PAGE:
Creative in association withGear Seven

This Beautiful Short Film Is About a Lady Who Hosts a Weekly Jazz Concert in Her Own Home

Production Company
Los Angeles, USA
New film directed by Jess Colquhoun for Stept Studios explores grief and the power of music in Harlem

Stept Studios has released a new short film, directed by Jess Colquhoun and supported by Crown Royal. Evocative and lyrical, Sundays at the Triple Nickel shares a mother’s weekly communion to honour the profound loss of her son through the meditation of music. 

Marjorie Eliot is a pianist, poet, and actress. Soft-spoken and magnetic, she is the creator of the most elusive jazz show in New York City. Every Sunday for 26 years, she’s opened her apartment, sat out folding chairs on every inch of available floor space, and performed along with her son Rudel, actors, musicians, and spoken word artists. She has maintained this ritual as a way to communicate with her son Philip, commemorating the Sunday that he passed away. She plays her piano in tribute to him, as a timeless elegy, and as a way to endure. Through her performances she invokes the past, summoning powers to build a transformative and ebullient experience that connects everyone in the room. Marjorie’s weekly concert is her saving grace.

The Sugar Hill area of Harlem has long been home to jazz legends redefining and reinventing the genre. Marjorie’s building was one of the most significant locations in the neighbourhood, bursting with musical tenants - from Duke Ellington to Count Basie and Johnny Hodges - who transformed their homes into stages. As a longtime musician and resident, Marjorie and her Sunday shows ensure the Triple Nickel’s legacy of jazz continues.

The film forms an intimate atmospheric portrait of the woman behind the concerts and the piano. Marjorie’s lingering voice is the backbone of the film, shot with rhythmic and haunting beauty by cinematographer Zack Mulligan. Disembodied narrative pieces together recount memories with warmth and intensity, anchored by performances and verité segments. We see the different worlds behind neighbouring walls, painting a picture of collective experience with Marjorie at its core. The film is a visual poem, a cinematic celebration of community and connection, exploring its extraordinary ability to withstand grief through imagination.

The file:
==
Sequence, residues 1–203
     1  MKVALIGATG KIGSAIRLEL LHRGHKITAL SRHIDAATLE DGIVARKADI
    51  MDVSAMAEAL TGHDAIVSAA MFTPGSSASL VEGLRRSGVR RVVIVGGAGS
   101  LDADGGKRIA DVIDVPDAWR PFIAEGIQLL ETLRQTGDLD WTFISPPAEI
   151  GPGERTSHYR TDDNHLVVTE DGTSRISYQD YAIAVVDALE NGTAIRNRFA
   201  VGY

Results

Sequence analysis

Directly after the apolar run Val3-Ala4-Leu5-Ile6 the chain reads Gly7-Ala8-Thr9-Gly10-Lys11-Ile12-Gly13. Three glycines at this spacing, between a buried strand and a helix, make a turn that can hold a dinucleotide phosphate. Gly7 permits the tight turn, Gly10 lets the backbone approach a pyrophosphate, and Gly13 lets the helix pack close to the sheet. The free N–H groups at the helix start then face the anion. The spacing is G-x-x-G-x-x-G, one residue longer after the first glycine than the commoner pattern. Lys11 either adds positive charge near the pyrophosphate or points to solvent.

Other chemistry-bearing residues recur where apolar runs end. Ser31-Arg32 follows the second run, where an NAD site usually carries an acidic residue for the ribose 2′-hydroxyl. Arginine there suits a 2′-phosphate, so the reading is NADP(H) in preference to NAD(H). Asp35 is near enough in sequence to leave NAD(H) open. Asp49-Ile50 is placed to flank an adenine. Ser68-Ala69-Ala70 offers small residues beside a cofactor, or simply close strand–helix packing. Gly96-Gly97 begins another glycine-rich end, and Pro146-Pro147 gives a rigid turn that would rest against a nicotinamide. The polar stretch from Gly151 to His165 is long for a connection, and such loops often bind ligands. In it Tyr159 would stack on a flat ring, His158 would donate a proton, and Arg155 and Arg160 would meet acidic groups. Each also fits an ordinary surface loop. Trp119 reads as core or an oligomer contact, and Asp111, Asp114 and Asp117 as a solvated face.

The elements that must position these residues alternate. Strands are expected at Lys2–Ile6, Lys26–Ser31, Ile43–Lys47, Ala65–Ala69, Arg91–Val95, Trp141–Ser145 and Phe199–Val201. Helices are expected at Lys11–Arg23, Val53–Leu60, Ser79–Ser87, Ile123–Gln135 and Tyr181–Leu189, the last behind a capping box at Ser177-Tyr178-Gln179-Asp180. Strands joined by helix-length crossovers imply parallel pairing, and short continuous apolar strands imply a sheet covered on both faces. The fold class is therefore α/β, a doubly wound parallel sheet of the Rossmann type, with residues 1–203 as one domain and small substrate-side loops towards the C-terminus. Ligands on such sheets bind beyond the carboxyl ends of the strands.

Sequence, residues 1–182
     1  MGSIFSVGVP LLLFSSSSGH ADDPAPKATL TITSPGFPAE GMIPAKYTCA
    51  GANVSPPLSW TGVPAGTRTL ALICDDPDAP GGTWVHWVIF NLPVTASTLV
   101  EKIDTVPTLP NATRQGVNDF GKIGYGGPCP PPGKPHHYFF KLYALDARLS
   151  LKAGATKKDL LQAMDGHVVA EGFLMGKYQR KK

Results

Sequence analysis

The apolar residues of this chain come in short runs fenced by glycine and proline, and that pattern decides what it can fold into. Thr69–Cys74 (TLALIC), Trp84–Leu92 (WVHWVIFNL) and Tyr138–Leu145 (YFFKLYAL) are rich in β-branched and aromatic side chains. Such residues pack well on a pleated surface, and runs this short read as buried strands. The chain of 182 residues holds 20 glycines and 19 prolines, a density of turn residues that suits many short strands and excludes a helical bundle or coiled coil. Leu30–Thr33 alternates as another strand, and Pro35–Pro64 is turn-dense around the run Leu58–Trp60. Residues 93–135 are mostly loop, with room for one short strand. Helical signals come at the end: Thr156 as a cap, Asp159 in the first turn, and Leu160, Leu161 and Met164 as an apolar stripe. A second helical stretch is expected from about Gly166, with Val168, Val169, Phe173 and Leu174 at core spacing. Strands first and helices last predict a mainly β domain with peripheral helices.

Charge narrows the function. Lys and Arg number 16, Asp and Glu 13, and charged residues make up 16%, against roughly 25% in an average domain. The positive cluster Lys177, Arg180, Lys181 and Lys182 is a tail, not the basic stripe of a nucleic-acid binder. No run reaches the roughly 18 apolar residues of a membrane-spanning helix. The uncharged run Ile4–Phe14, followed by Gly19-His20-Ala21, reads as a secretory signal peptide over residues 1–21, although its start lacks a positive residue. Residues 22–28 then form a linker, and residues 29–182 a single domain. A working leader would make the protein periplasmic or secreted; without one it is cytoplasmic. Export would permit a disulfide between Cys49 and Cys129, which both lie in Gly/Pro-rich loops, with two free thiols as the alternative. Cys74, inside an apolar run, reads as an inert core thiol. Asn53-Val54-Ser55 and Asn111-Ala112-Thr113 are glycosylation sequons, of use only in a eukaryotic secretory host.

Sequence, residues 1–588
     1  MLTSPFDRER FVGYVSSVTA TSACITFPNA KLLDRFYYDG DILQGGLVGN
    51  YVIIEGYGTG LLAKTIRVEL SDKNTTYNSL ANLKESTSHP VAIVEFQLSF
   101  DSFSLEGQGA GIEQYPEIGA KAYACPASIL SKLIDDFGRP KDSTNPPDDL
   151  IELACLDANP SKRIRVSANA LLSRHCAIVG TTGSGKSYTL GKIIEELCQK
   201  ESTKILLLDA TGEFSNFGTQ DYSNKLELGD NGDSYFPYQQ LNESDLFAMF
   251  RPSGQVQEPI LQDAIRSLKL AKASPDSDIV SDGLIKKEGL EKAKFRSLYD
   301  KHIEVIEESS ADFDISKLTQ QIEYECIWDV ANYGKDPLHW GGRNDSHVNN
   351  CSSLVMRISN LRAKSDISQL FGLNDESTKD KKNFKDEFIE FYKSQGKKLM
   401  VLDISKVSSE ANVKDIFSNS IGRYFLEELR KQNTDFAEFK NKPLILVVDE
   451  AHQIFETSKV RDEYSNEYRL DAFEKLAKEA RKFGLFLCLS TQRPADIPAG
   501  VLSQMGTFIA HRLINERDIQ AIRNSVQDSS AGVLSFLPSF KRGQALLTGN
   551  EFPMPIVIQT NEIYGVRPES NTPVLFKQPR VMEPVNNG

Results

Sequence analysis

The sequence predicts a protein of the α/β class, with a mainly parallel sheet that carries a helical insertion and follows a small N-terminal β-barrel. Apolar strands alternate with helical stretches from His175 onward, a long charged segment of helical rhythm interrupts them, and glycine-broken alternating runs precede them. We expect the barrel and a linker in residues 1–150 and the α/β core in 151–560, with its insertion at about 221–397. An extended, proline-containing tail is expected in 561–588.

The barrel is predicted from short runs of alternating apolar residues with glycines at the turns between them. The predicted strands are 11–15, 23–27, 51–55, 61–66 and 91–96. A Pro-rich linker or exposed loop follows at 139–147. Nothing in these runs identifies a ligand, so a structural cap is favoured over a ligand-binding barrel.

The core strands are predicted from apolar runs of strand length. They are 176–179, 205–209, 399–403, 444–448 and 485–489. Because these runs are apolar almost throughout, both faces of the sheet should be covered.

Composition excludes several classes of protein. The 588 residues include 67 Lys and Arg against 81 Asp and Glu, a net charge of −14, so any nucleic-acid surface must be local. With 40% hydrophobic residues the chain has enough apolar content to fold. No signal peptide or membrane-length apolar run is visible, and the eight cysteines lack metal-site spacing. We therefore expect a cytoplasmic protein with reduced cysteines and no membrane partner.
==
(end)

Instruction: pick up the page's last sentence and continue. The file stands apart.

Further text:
Stept Studios is passionate about telling sincere and unforgettable stories. Dedicated to high standards and innovative talent, they push boundaries and form partnerships that elevate the collective dialogue. Crown Royal believes in exceptional generosity, that status isn’t what you have, rather it’s what you give and how you give it. All the things money can’t buy - love, respect, community, and friendship - are earned with big hearts and generous spirits. It is this distinctive partnership that brings this shared ethos to the screen.

Says Stept founder Nick Martini: “Stept takes pride in developing stories from scratch with our directors, then actively seeking out brand partners whose messaging aligns with the creative vision of our team. This project is a great example of how we help bring films to life with the support of a great brand team. Everyone at Crown Royal has been so supportive, and they too are passionate about sharing meaningful stories.”

“This collaboration is a unique example of how Diageo partners on creator-led projects that are not in response to a brief. Once we learned about Marjorie’s story, read the treatment, and met Stept and Jess, we wanted to support the film. It not only connected with Crown Royal’s purpose of inspiring exceptional generosity but also supports Diageo’s mission of gender portrayal in front of and behind the camera.  This project was a great fit on multiple fronts,” says Lindsay Wallner, who led this project at Diageo.

“With what began as a quest for inner hope and condolence, Marjorie’s mission has expanded to serve and comfort so many lives beyond her own,” says Jess. “This film is a tribute to Marjorie, and a story of her resilience and ability to find light during one of life’s darkest chapters.”

Jess Colquhoun, working with Stept Studios, is an award-winning filmmaker and photographer who splits her time between London and Los Angeles. Jess aims to explore people and subcultures with a focus on social and environmental change and impact. Her documentaries Valley Of A Thousand Hills (Best Family Film - San Francisco Film Festival 2017) and The Black Mambas (Winner Glamour Magazine x Girl Gaze #NewView Film Competition 2017) are two fine examples of her attention to heart and detail. Her series of photographs entitled Fired Up! was recently exhibited at the historic Wiltern Theatre. 

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